How Norway Rats Live Socially

Whether for good or for ill, Norway rats have a large impact on our lives. We all know them as pests that spread filth and disease, but they were also fundamental to some of the most advanced scientific research in the world. This contrast makes them interesting animals, but we still don’t know much about their natural behavior in the wild. However, recent lab studies have shown that they have complex social skills while they are in captivity. By understanding how rats behave socially in nature, new pest control methods can be put in place to protect certain environments or areas from infestation, and remove heavy populations when they occur.

Nearly all wild Norway rats live close to a human settlement, which leads to many unwanted interactions between us and them. Rats are known for carrying and spreading disease, destroying food stores, and damaging the infrastructure of buildings by gnawing on insulation and on electrical wires. One estimate puts the cost of dealing with rats at at least two billion dollars per year. Norway rats are also predators, and since they are an invasive species pretty much everywhere outside of Asia, they can damage the balance of an ecosystem.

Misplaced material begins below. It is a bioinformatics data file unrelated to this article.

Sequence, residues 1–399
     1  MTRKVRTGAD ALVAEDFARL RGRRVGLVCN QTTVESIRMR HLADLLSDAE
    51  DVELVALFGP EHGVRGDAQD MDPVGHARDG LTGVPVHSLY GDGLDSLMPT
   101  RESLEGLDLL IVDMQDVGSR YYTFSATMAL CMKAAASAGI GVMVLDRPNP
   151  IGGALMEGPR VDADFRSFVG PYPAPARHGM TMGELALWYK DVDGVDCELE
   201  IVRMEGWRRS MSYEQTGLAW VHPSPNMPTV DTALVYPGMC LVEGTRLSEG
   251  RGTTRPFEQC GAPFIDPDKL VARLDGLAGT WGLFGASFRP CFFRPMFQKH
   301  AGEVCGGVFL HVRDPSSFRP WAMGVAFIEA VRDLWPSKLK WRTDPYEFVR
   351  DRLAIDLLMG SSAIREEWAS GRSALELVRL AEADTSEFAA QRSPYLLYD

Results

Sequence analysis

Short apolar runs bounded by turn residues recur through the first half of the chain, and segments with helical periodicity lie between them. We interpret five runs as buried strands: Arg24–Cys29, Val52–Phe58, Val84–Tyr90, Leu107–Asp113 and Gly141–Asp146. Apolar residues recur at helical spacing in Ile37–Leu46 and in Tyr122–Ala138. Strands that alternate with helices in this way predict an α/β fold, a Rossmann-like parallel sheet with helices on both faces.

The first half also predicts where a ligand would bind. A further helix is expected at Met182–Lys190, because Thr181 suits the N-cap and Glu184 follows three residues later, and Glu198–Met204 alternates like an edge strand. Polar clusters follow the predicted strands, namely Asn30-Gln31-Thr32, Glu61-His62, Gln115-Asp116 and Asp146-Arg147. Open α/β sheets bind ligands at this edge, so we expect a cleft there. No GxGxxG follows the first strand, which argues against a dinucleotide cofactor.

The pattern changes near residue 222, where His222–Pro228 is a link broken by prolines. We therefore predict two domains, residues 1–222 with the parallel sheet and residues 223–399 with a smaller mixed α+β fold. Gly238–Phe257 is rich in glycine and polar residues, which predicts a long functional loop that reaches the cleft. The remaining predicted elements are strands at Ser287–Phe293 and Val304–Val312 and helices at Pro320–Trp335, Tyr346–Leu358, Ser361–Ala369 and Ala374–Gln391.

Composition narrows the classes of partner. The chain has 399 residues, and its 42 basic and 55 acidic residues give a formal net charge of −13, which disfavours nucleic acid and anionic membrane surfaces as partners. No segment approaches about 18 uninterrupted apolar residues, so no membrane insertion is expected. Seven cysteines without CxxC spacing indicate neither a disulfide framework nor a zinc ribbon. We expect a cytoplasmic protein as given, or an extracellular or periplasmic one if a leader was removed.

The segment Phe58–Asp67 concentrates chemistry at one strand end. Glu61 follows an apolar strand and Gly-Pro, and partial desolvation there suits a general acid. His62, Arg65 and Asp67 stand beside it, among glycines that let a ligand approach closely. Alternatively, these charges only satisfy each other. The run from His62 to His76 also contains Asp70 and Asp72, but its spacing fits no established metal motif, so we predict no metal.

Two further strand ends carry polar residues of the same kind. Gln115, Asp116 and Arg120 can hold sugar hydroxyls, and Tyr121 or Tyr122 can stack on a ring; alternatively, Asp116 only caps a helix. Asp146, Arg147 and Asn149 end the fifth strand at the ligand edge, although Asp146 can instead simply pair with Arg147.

Human beings have attempted to control rat populations since medieval times, but control is now more important than ever, considering the massive human population numbers and density growth in cities. One of the big risks is the spread of new diseases that can lead to a pandemic. So what can we learn about wild Norway rat behavior to lower this risk.

One of the main traits of wild rats is their ability to adapt to new environments and behave in socially compatible ways with other rats. When compared to domesticated lab rats, the wild rats will burrow less, learn at a slower pace, and present more aggression towards other rats. Domesticated rats are also very adaptable, being able to successfully reproduce under natural conditions even if predators are present, despite many generations of domestication.

With further field studies, researchers could be able to devise control methods that affect large areas of land and big rat populations. For now however, we will have to deal with rat infestations on a building by building basis, using traditional methods such as trapping or poisons. If you would like to know more about how Norway rat infestations are removed, or if you would like to set up a pest control appointment, contact us today.

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